Piss Off: the Design of an Anti-Corporate Typeface

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Photography by Ia Hammar. Courtesy Anton Bolin.

Photography by Ia Hammar. Courtesy Anton Bolin.

 

Anton Bolin used his time at TypeLab in the summer of 2015 to create Heaton, a typeface for users of live streaming online games. He also happens to play the bass for the Swedish hardcore punk band Pissjar, and as resident designer, was tapped to improvise a logo for an upcoming new album.

“I wanted to create a typeface for the cover that linked the sound of someone pissing with the band’s name, so I decided to make use of my own bladder,” says Bolin. “After experimenting with different techniques and materials, I stapled a set of bed sheets, which could contain the liquid for a perfect amount of time, over a remodeled picture frame. The process was simple: empty my bladder onto the stretched fabric, hope that I get the shape right, then photograph my creation as quickly as possible because the lines get distorted after about seven or eight seconds.”

It soon became apparent that a logo wasn’t enough, so Bolin decided to go for the full alphabet. Over the course of six months and approximately 300 work sessions in his shower (sorry landlord), he had an all-caps alphabet that looks, well, like piss. Let us all shower him with praise.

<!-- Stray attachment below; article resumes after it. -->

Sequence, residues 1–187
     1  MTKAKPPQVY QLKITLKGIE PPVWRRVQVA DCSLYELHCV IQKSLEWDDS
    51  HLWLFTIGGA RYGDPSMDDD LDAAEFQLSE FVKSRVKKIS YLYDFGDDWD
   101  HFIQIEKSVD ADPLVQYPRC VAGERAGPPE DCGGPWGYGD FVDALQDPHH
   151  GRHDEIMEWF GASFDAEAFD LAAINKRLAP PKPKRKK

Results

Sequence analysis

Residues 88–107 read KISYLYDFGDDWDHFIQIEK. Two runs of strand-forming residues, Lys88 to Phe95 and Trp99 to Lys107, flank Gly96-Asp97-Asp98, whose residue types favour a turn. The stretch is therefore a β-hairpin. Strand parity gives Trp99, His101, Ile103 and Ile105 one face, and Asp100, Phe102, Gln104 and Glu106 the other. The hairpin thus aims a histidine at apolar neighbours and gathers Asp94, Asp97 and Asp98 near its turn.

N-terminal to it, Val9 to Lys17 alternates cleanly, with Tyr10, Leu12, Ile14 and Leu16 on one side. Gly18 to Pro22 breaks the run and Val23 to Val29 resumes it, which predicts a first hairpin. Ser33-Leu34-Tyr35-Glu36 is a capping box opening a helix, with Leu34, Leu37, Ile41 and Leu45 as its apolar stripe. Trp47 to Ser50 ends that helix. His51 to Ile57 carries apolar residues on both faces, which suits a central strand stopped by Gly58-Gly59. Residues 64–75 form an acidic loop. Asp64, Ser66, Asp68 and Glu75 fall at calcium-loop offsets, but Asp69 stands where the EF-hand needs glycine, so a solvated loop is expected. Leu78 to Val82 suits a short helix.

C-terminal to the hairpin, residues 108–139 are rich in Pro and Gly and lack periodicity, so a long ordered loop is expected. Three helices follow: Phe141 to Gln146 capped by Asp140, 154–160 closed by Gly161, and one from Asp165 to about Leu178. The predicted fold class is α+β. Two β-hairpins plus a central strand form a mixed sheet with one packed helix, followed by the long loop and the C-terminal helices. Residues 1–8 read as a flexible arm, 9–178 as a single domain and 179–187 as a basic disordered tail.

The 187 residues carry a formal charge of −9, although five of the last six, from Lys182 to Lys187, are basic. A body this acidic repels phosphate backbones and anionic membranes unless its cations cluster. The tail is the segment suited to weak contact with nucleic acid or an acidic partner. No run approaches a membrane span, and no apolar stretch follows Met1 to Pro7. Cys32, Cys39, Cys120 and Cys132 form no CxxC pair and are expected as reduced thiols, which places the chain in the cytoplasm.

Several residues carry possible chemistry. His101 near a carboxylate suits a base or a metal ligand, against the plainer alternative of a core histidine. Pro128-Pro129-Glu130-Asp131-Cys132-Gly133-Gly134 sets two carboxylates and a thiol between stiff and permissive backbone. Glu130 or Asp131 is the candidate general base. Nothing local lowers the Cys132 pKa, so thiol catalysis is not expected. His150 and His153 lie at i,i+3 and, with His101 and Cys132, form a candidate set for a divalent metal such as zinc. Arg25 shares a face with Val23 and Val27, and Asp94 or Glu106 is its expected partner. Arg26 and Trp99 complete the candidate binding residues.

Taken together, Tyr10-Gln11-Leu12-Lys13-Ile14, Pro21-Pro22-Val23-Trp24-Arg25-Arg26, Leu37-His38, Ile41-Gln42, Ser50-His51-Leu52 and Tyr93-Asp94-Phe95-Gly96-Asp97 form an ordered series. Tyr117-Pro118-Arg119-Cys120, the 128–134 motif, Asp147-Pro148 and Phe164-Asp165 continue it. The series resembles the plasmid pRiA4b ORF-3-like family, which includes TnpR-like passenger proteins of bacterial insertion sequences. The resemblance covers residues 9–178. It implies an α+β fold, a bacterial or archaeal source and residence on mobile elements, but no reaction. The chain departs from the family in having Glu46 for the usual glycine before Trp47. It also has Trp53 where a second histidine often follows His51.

Pissjar the typeface will be available for free download in April. And in the spirit of punk, a D.I.Y guide will be included so the kids can try this at home. If you want to hear Pissjar the band, click here

 

Photography by Ia Hammar. Courtesy Anton Bolin.

Photography by Ia Hammar. Courtesy Anton Bolin.

Photography by Ia Hammar. Courtesy Anton Bolin.

Photography by Ia Hammar. Courtesy Anton Bolin.

 

Photography by Ia Hammar. Courtesy Anton Bolin.

Photography by Ia Hammar. Courtesy Anton Bolin.

Photography by Ia Hammar. Courtesy Anton Bolin.

Photography by Ia Hammar. Courtesy Anton Bolin.

Courtesy Anton Bolin.

Courtesy Anton Bolin.

Ever Hear of Punctumotion?

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Take a look at a cool Yale senior thesis project dreamed up by Kai Takahashi, a participant in the very first TypeLab summer program. Punctumotion is a proposal for a novel form of digital punctuation that is cross-typeface, cross-platform and infinite in variation. “The idea emerged from writing emails. I always struggled, not so much with word choice, but with punctuation choice — specifically, whether to use a period or an exclamation point to convey my default state of pleasant but not hyper,” says the designer. “A period comes off as cold. An exclamation point conveys a shout! So I created Punctumotion as a subtle yet vivid way to communicate our feelings, reactions and tone.”

Kai Takahashi is a visual product designer at Zume Pizza in Mountain View, CA. He graduated from Yale in 2016, and has previously worked at Digital Surgeons, The Players’ Tribune, and SME, Inc.